The Wide Range - Price And Availability

So now that we have gone over why you should not just go with the cheapest option available, let us go over why you might see quite the considerable price range even amongst more quality colored contact lenses. Even with standard optical, prescription contact lenses, there are a variety of different types and styles to choose from. From dailies to a monthly lens, from spherical to toric (dealing with the shape of the eye), they come in a wide variety of options to try to find the best option for each and every patient.

So not only will there be a possible high price for a non prescription colored contact lens, or "plano" as we like to use in the industry, prescription colored contacts will run even higher.

Spherical lenses are more common than toric lenses. This deals with the shape of the lens and the eye. But to get the right prescription available, manufacturers are more limited on what designs are available in this type of lens. So if you are looking to get a prescription colored contact lens, it is important to note that you are going to be more limited as far as design option. These prescription lenses are more expensive than plano lenses.

Even more complicated than spherical lenses are toric lenses (lenses for stronger astigmatism.) The shape of this lens is even more difficult to do with complicated designs. So if your prescription requires a toric lens, you will have even less options to choose from as far as design goes. These lenses are also known to be the most expensive due to the shape of the eye.

In Summary

The health and well-being of your eyes are important. Our advice is that cheap short term fun with cheap colored contacts is not worth the long term risks to your eyes. If you want to use colored contacts, there is a way to do them, just do it safely. See your eye doctor, get a contact lens fit, and pay more to ensure you do not risk the health or comfort of your eyes.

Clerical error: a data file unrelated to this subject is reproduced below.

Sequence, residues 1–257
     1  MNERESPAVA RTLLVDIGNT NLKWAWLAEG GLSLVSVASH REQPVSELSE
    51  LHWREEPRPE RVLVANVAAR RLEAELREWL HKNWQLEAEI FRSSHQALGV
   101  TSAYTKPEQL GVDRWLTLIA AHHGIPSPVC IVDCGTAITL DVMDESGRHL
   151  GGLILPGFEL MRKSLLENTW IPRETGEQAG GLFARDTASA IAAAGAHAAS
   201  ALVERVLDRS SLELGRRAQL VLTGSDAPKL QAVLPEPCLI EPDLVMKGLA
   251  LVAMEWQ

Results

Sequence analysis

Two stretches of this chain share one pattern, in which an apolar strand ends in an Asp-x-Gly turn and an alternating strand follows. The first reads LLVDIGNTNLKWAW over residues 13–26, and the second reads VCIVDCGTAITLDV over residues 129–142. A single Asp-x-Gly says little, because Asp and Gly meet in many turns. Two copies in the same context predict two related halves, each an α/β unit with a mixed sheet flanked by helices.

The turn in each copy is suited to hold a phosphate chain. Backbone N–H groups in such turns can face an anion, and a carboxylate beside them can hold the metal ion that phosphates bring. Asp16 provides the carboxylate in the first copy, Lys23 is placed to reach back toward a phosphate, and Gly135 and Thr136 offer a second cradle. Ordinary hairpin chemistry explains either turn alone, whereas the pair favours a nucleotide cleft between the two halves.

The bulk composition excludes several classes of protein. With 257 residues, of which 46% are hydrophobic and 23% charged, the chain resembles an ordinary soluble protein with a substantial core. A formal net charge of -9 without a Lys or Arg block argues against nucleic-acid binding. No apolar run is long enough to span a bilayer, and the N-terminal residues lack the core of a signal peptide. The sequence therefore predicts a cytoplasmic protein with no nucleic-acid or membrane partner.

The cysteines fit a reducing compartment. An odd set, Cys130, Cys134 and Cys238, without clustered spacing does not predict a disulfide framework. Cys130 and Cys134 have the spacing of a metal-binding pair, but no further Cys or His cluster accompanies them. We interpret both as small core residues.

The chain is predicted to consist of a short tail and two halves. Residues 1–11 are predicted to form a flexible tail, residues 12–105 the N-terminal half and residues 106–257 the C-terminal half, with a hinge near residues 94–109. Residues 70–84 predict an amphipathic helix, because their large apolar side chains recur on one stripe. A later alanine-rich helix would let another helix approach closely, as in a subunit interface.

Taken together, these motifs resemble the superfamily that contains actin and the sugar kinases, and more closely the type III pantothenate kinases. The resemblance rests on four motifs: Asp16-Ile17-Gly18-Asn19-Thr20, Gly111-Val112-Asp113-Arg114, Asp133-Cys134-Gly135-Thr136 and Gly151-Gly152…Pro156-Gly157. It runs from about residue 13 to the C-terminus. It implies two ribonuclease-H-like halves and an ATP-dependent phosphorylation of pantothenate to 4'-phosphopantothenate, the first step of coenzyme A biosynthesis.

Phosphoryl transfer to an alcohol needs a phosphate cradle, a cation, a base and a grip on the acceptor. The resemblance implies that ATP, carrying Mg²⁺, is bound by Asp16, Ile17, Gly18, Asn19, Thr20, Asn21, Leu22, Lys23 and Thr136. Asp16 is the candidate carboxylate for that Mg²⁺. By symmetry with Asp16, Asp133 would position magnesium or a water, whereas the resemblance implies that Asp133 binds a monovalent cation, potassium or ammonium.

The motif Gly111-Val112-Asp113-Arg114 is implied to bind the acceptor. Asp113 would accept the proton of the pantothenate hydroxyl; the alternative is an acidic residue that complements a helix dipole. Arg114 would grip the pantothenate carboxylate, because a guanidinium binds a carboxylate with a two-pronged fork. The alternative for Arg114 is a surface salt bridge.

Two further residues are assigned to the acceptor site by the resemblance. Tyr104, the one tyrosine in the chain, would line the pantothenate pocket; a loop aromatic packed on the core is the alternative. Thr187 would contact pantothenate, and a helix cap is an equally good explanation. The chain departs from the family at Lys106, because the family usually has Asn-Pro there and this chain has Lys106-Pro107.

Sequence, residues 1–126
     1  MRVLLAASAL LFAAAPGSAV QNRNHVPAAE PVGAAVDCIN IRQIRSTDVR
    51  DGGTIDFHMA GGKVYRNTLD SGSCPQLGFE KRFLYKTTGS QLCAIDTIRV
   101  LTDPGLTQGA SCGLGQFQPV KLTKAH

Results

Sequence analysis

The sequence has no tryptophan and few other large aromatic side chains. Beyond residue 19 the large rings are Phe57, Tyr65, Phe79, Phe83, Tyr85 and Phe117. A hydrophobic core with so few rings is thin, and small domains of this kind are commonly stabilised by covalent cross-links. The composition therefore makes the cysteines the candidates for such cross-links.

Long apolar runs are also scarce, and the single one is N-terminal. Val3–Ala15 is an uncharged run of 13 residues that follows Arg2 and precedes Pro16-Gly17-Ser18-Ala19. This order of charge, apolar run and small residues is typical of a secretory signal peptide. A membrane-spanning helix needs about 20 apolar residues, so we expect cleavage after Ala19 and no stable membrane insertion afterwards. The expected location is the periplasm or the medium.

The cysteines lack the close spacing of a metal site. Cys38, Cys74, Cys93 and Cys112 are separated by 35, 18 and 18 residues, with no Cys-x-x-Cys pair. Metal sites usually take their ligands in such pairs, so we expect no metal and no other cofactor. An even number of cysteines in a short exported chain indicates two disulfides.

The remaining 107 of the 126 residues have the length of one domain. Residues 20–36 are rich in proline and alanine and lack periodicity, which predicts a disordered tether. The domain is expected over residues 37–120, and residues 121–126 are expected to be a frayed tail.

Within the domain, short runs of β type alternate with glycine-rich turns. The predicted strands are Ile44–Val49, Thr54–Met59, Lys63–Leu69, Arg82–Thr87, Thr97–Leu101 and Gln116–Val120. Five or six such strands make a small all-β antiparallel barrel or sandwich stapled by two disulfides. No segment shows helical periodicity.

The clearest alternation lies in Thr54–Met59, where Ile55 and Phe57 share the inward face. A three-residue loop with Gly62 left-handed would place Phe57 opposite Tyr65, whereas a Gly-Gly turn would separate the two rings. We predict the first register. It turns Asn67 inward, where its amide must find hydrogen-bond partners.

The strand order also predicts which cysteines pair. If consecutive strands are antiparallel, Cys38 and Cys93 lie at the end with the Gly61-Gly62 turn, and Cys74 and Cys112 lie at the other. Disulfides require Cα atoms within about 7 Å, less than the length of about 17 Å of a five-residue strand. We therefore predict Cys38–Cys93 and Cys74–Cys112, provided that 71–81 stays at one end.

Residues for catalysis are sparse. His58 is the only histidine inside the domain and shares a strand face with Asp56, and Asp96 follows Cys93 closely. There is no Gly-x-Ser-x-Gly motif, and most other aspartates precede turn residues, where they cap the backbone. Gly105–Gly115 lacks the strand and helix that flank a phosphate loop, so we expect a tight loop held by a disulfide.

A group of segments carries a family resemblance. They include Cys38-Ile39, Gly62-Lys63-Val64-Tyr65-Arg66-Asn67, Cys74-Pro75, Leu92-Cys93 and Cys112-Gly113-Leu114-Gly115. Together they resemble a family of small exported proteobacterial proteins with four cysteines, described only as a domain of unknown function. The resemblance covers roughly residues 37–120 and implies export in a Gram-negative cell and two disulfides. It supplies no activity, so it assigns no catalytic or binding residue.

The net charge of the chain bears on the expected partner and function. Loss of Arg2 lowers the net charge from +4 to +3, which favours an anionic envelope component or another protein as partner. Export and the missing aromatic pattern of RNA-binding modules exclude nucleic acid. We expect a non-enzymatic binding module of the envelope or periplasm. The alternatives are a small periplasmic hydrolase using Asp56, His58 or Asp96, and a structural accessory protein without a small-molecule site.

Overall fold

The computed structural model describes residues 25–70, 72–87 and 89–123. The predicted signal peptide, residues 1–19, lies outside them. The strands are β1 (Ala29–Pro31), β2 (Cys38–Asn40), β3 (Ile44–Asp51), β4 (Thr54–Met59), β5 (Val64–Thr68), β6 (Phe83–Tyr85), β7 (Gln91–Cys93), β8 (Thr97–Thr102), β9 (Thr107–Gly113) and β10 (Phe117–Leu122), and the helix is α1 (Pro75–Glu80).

We at Choice Eye Center are happy to answer any more questions you have regarding colored contacts and lenses. Currently, you can order high quality colored contact lenses through us. Call us today to schedule a contact lens fit examination. To get your contacts before Halloween, orders must be placed by October 16th.

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ery time you go to the eye doctor one of the first things they do is check your visual acuity. Your visual acuity is the sharpness of letters or images at a fixed distance according to a fixed standard.

Let’s break it down in terms that are easier to understand.

We all have heard the term 20/20 but what exactly does it mean.

According to the Snellen chart, 20/20 is the standard for normal vision. The Snellen chart is used in the United States by eye doctors, (optometrists and ophthalmologists), as well as other doctors. There is no such thing as perfect vision. (The only person that has perfect vision is Superman.)